Episode 83 – Attack on Titan The Final Season Part 2

“Looks like my turn has come…Even if I thought I did the right thing. Times change and you end up in a cell.

“Goofy.” Now there’s a word I never thought I would end up using to describe this final season of Attack on Titanat least of all an episode like “Pride”, which begins with Hange tearfully gunning down her old comrades in order to protect a nearly dead Levi in ​​the hours after they barely escaped Floch’s wrath. Yet, here we are, with the first episode of The Final Season that seems more focused on making us laugh than conveying the fear and chaos of Eren’s apocalyptic rumbling. To say that there is some tonal whiplash here is an understatement, and while I certainly didn’t hate the episode, it is easily the shakiest effort that AoT has produced in a long time.

Now, to be clear, it isn’t as if there aren’t parts of this episode that we’re supposed to take seriously. The show definitely isn’t playing Floch’s rise to power for laughs, and it sucks seeing Hange so broken up about how bad things have gotten on Paradis. It’s just that those more serious moments feel more scattered about amidst the other stuff, and the one lengthy dramatic scene we *do* get is a big letdown.

If you’ve been reading my Attack on Titan reviews for any length of time, then you’re probably well aware of how happy I am to spend too much time analyzing every scrap that the show throws our way. So, know that I really mean it when I say that I genuinely don’t understand why the show felt the need to spend so much time on Louise’s deathbed conversation with Mikasa. Louise has barely mattered as a character in this story, and we are unceremoniously informed that she stole Mikasa’s scarf as a trinket to cling to in her final moments, both because she is obsessed with Mikasa, and because Eren apparently told her he wished it would be thrown away in any case

Mikasa doesn’t even bother hearing the dying girl out before walking away with her scarf in hand, so I must ask: What was the point? I thought the missing scarf was going to be a symbol that Mikasa carried (for lack of a better term) for the rest of the story. So are we supposed to lament her lack of empathy? Is the bit about Eren wanting it gone some sort of clue or something? I just don’t know, man.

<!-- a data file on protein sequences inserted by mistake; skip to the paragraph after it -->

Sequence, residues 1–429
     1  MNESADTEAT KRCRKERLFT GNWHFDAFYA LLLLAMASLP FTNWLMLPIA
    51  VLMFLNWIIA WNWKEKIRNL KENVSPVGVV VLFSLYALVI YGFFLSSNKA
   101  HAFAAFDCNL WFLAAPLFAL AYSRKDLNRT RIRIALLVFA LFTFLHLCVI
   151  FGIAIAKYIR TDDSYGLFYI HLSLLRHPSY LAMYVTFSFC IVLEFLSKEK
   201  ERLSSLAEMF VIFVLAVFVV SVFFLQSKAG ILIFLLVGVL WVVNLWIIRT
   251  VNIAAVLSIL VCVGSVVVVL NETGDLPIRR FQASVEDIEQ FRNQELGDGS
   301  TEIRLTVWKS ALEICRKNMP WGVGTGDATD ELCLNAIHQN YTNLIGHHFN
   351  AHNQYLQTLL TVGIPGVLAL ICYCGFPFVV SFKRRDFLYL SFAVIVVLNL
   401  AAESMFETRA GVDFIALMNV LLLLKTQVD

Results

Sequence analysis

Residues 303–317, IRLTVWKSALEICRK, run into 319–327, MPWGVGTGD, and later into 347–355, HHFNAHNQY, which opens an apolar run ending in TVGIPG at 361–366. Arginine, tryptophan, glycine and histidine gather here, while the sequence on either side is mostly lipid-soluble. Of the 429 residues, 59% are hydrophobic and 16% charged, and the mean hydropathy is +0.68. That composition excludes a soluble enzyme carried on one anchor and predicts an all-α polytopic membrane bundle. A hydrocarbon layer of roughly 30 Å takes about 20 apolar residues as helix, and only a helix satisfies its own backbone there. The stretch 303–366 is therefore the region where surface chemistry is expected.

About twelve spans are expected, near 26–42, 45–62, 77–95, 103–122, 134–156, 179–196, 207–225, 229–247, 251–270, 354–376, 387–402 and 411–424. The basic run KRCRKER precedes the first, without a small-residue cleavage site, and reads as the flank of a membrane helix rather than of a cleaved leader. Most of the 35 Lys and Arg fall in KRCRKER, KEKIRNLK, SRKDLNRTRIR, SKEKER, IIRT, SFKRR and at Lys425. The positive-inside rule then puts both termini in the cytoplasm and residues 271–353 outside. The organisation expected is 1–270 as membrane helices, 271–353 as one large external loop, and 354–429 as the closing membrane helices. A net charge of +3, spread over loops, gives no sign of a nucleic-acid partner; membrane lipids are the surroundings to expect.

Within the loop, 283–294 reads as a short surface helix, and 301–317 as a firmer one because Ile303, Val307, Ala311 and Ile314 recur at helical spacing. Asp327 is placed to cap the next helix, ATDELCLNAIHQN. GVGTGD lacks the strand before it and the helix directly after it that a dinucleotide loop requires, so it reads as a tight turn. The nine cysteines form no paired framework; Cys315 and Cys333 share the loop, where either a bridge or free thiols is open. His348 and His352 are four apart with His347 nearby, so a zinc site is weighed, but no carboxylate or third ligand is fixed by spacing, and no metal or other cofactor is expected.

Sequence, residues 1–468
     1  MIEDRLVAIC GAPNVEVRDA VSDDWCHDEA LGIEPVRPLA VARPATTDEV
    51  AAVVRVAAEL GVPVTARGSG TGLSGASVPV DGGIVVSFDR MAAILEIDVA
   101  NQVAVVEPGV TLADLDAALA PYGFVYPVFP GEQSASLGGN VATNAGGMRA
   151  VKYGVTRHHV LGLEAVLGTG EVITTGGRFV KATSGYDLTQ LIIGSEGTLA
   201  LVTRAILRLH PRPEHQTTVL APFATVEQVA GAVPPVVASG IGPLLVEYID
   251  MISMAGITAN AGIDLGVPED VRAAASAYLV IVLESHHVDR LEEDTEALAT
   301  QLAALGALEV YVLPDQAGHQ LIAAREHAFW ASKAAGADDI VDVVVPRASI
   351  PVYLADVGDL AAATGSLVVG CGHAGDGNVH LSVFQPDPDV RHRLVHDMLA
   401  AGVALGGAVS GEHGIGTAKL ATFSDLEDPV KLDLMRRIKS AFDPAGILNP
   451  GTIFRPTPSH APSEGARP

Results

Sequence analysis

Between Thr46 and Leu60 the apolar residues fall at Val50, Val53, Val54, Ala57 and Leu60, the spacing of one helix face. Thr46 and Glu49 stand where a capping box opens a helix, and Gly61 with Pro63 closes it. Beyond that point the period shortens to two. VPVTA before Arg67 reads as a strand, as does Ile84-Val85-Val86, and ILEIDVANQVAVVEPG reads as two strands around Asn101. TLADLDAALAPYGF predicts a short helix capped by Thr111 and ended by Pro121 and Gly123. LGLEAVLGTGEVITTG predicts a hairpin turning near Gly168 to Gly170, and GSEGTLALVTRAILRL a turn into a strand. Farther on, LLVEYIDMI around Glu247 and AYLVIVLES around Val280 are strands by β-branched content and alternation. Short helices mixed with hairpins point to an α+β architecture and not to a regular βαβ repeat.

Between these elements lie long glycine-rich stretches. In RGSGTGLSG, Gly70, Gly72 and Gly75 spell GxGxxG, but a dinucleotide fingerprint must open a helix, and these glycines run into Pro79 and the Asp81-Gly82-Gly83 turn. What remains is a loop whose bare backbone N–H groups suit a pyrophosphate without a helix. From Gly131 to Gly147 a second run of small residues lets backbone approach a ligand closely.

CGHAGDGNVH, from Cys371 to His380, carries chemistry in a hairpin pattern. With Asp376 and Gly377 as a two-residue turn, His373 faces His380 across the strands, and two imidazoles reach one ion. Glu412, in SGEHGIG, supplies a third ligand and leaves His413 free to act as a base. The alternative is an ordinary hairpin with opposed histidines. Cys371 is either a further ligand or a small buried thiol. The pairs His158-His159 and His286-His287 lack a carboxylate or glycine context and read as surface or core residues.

At least with all of the episode’s goofy stuff, I think I can understand what the show was going for. It is positively absurd when Conny’s face twists into a terrifying parody of a grin when he tries to convince Falco that they’re just stopping by his old village to brush his Titan Mom’s teeth, but Conny freely admits that he’s a complete idiot just minutes later , so it all tracks. I wish “Pride” had tried to play Conny’s dilemma straight, since the confrontation with Gabi and Armin was rife with a dramatic potential, but maybe it’s for the best that we never truly take Conny’s desire to feed Falco to his mom all that seriously. way, both the audience and the characters can chalk Conny’s madness on a bout of wartime panic, and everyone can move on without thinking too hard about the attempted child murder.

The weird turn towards sitcom humor during Annie’s big reunion with the gang is harder to defend, since you could easily accuse Hajime Isayama of getting impatient with all of the ploy setup he had arranged for himself. Maybe in wanting to wrap things up quickly, he opted to distract readers/viewers from the incredible convenience of the gang just randomly running into Annie by throwing some silly jokes and goofy faces around. I’d like to think, however, that the show simply wanted to hearken back to its more lighthearted days one more time, before things get Super Serious (for Real This Time).

The point is, “Pride” is the sort of odd-duck episode that works both in spite of and because of its refusal to take itself too seriously. The near execution of Yelena and Onyakopon doesn’t land nearly as hard as it could because, at this point, all of the episode’s tension and anxiety have been diluted. You never really believe that the episode is going to follow up all of the funny faces and cake jokes with a brutal double murder. It also makes Jean’s reverse-face-turn feel a bit less triumphant, since the plot is just too overstuffed to linger on such an important character moment.

Then again, by the end of the episode, when Annie has reunited with the group and Reiner is being woken up as the crew begins their mission to “save the world”, all that oddball humor genuinely helped to remind us of the camaraderie these characters share, and it makes the moment feel that much more personal. The Marleyans and Eren’s former allies have all made a tenuous peace, at least for now, since it will take every ounce of strength and resolve that they have to resist the Jeagerists and put Eren down. The times have changed so much since those bygone stories from Season 1, when none of the gags and funny faces felt so lost in a sea of ​​despair and nihilism. I don’t know if bringing that old tone back with such force this late in the game was the absolute best decision for Attack on Titan, but I get it. Every one of these people that we’ve come to love is as likely to end up in prison—or worse—as they are to end up heroes. Might as well appreciate the good vibes while they last.


Attack on Titan The Final Season Part 2 is currently streaming on Crunchyroll and Funimation.

James is a writer with many thoughts and feelings about anime and other pop-culture, which can also be found on Twitterhis blog, and his podcast.

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